As you know, I am not a tree-hugging type,'but what works for me is to use my subconscious mind. I choose an area to invent for and then immerse myself in finding out everything I can about it via the Internet, trade journals, patents, etc. Once I feel that I have read everything there is to read and fully understand the problem and its market, I stop and try to forget all about it.
Hopefully, in a day, week or months' time, an idea will just pop into my head (normally at around 3am in the morning or after 20 laps of swimming). This works because your subconscious mind keeps working, unbeknown to you, in the background and comes up with solutions. This can be a very powerful tool, if honed correctly.
Patrick: I seem to have developed, through practice, a mental trigger which causes me to recognise problems in everyday life that most people just live with. Not just the Global Grand Challenges but the ones that make you think 'Damn, this small nuisance happens to me every day at this time'. One of my background projects is to create a computer program that can spot long-range similarities between apparently unrelated problems, so that solutions for one can be adapted to work in other contexts.
Mark: Yes, I am the same. If something annoys me, it is likely to annoy others and so it may have that important element – 'a market need'. Again, it is a mindset thing that you can cultivate by programming yourself to notice these things.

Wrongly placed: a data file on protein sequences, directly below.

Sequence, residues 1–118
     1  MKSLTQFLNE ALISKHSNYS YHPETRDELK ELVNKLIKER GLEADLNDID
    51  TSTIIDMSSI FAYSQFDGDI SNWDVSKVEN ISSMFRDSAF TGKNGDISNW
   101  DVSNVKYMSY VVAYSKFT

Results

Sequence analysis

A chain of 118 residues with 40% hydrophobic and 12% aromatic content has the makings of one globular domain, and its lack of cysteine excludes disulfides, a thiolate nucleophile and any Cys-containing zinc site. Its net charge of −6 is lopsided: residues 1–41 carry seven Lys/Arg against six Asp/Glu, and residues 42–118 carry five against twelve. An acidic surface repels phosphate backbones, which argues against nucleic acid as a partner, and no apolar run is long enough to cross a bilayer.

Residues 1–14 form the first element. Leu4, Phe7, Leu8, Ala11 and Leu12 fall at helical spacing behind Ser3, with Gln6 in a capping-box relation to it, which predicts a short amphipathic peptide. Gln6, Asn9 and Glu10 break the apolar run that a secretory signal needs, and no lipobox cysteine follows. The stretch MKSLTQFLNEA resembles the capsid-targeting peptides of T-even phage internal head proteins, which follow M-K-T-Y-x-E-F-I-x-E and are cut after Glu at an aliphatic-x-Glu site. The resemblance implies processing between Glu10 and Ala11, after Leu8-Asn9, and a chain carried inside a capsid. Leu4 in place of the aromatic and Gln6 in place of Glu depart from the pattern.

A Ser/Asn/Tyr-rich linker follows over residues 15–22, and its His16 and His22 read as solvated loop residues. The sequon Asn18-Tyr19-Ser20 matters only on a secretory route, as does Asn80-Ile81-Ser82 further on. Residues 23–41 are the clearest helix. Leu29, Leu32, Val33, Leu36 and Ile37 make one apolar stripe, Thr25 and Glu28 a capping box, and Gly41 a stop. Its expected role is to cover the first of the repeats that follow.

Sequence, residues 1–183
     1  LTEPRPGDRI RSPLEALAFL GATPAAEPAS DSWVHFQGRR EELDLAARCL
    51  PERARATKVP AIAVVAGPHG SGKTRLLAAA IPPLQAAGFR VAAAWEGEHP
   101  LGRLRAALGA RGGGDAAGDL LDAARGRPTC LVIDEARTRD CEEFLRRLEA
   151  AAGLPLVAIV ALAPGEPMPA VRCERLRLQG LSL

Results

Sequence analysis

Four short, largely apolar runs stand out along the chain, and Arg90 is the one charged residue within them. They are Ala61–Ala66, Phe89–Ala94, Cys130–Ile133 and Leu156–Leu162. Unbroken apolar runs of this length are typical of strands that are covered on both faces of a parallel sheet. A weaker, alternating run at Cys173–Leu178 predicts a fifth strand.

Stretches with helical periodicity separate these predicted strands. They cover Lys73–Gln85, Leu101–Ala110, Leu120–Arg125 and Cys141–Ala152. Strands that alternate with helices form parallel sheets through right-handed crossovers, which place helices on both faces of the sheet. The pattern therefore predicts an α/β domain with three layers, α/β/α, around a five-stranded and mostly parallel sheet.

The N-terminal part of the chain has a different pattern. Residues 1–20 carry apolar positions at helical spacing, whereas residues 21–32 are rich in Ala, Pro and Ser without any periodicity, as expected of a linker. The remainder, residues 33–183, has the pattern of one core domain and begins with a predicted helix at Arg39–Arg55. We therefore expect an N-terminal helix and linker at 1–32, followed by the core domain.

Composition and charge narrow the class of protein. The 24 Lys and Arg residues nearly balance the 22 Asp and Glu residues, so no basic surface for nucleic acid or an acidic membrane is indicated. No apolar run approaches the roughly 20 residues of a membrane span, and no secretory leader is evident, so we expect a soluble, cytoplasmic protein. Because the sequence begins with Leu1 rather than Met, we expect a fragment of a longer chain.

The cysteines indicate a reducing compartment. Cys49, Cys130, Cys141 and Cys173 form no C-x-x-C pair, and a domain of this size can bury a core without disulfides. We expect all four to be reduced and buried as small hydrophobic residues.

I also believe there is an untapped gold mine of opportunities out there in adapting known technologies into other areas that have never been indentified or even considered before. A computer program with the right formula and enough critical data to be effective would certainly have commercial merit. Although, being exposed to many diverse projects yourself, and using a little lateral thinking, you can achieve great results without the aid of computers.
Patrick: Other inventions that I find to be valuable include Google patents, which used to be such a good tool for the simple reason that you could glance through huge numbers of drawings when doing an initial search. Sadly, they have recently gone all Google+ and ditched that functionality. [Update: there is now a version which provides scannable diagrams... but their small scale makes it hard to distinguish between a screwdriver and a scramjet.]